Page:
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#39: SME Reflections on 2020 – Challenging, scary but enjoyable?

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David Lawrence reflects on his experience in business over 2020….Challenging, scary but enjoyable? ‘The most enjoyable year in business’ … well that’s because David is a natural problem solver!

He shares how they addressed their most important challenge this year and that was ‘people’…their team and their clients. People being their greatest asset and the importance of giving them certainty one way or the other.

The conversation moves to the all-important issue for most business leaders and that’s about the future of work and getting the balance right as they move into 2021. David also talks about how his peer advisory group supported him throughout 2020 with all it’s ups and downs and so much more…

A great listen for all business leaders!


Stephanie: Hello, and welcome to TEC Live. Stephanie Christopher here, Chief Executive of The Executive Connection. TEC connects CEOs, executives, and business owners to the world’s largest business leader network. Today our guest is David Lawrence, the managing director, and co-founder of Rocket, a multiple award-winning Australian digital marketing agency, and co author of the Amazon number one best-selling marketing book, Smarter Marketer. He’s built four seven figure businesses and successfully exited two of them. David’s also a speaker and presenter on a range of marketing and business topics. And David Lawrence, welcome to TEC Live.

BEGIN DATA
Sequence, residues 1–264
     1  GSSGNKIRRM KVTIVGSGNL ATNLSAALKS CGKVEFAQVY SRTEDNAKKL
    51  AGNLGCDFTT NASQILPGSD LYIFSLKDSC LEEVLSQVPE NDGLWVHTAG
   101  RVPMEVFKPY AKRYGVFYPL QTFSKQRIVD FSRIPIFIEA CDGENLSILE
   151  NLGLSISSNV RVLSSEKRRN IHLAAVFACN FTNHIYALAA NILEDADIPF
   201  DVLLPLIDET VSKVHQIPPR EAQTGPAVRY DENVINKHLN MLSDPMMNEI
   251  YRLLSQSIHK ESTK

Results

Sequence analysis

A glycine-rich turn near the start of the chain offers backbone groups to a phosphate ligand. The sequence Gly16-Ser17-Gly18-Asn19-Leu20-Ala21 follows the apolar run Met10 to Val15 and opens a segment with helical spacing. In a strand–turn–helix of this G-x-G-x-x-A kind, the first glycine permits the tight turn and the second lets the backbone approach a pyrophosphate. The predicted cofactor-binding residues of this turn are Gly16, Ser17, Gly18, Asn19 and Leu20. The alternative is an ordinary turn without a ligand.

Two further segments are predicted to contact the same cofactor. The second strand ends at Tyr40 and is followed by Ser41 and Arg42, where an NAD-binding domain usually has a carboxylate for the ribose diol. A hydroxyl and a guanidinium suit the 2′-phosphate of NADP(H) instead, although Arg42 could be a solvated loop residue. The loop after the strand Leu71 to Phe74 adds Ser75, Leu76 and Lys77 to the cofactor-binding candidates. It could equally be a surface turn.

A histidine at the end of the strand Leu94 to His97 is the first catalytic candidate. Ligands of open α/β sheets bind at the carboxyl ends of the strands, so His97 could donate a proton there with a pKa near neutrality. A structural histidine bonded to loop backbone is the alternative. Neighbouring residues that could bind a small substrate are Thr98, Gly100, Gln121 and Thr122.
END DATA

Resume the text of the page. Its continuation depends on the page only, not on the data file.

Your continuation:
David: Hey Steph, great to be here.

Stephanie: Yeah. Good to have you here. This is actually the last podcast that we’re recording for 2020.

David: Wow, I feel special.

Stephanie: Yeah. You are, you’re very special. And we’ve been chatting about, there’s so much we could talk about today, and I’m sure a lot of it will be woven into the discussion of your experience in business, but I’d love to know about your experience in business in 2020.

David: That’s a great question. Without a doubt, it’s been the most surprising year that I’ve ever had in business. There’s no doubt about that. And I think people automatically put negative connotations on 2020 when they think about all the things we’ve gone through, but we’re reflecting as a leadership group just recently, actually on the kind of 2020 we’ve had. And for many of us, we’ve found it’s actually been the most enjoyable, challenging for sure, and scary for sure, but the most enjoyable year professionally that we’ve had for a whole variety of reasons.

Stephanie: So tell me, from your point of view, what are the reasons for you it’s been one of the most enjoyable you… Well, you said to me on the way, the most enjoyable year in business for you-

David: Yeah absolutely.

Stephanie: I think you said, yeah.

David: I think for me at my core, I’m a problem solver. If I’m doing the same job for too long and by the same job, I mean the same tasks often over and over, I’ll become very bored and will slowly lose interest in it. And so for me, 2020 has literally been one huge problem to be unpacked. And when you’re working in SME, you have limited resources of course to solve your problems. And so with a lot of the complexity, in some ways, stripped out of business, it’s been a matter of trying to find great solutions to problems that you may not even fully understand the extent of those problems yet.

Stephanie: So what’s one of the problems that you think you addressed most effectively this year?